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Maintaining the Member Experience Through the New Year Rush — Part 2

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This is Part 2 of a three-part series in which community recreation centers from around the country share their experiences engaging members amidst the New Year rush.

As soon as the ball drops, New Year’s “resolutioners” everywhere vow to get themselves in better shape. As a result, January and February produce the highest percentages of new gym memberships of any months.

This presents every fitness facility with a great opportunity to capture the attention of several prospective members and boost its membership numbers.

However, nestled in the heart of Whitefish, Montana, a small town of 7,600 people, The Wave Aquatic & Fitness Center has a different experience than most community recreation centers each January.

The juice bar and fitness floor at The Wave.

“At our facility, we have a high market penetration, so our total number of members only fluctuates a small percentage,” said Art Krueger, the director of The Wave. “Because we are in a resort town, we do see a drastic increase in single day, seven-day and 30-day temporary memberships.”

This doesn’t mean overall participation numbers aren’t up during January. “For us, it is not just the increase in new members, but the overall increase in attendance from current members,” said Krueger.

Since new members are in short supply in Whitefish, even in January, The Wave puts more emphasis on increasing participation from its current members. To handle an increased amount of facility usage, Krueger and his team call in the reinforcements.

“[January] more than likely will require more hands on deck,” said Krueger. “We staff seasonal positions, such as greeters and locker room attendants. We also add part-time staff members to our service desk and housekeeping crews.”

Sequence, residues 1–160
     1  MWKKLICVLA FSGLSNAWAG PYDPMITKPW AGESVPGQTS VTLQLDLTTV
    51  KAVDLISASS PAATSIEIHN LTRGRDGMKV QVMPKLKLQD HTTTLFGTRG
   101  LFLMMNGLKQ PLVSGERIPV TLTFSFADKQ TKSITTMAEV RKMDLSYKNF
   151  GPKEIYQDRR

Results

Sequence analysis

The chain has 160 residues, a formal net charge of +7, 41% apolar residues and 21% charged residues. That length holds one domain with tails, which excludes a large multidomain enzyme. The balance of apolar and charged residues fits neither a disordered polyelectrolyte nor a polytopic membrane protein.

But The Wave never hires more staff members than it needs, which helps reduce staffing costs. “I believe any good business is going to control their labor costs, as that is likely the number one driver of expense,” he said.

Staffing isn’t the only area in which The Wave tries to maintain consistency. Rather than try implementing or experimenting with several new fitness classes, The Wave focuses more on improving the member experience in classes that are already popular.

“We work hard to offer a robust amount of classes year-round,” said Krueger. “During this time of year, we offer a few additional classes, but not a substantial amount.”

That’s not to say The Wave doesn’t add anything new for its members. “One new technology we’ve employed last year was Fitness On Demand, which has helped offer more options for our members,” said Krueger.

The addition of part-time staff and technology like Fitness On Demand is all a part of The Wave’s commitment to delivering a great member experience, no matter what time of year it is or how much its facility usage increases.

“When the rush of the New Year hits, the focus needs to stay on quality of experience,” said Krueger. “This has to be done through building a solid culture of welcome.”

And the best way to ensure a great member experience, according to Krueger, is to trust your staff to deliver. “Hire the right people, ensure they understand your vision for member experience, and give them the training and tools necessary to succeed, then get out of their way,” he said.

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Bobby Dyer

Bobby is the former editor of Community Rec Magazine.

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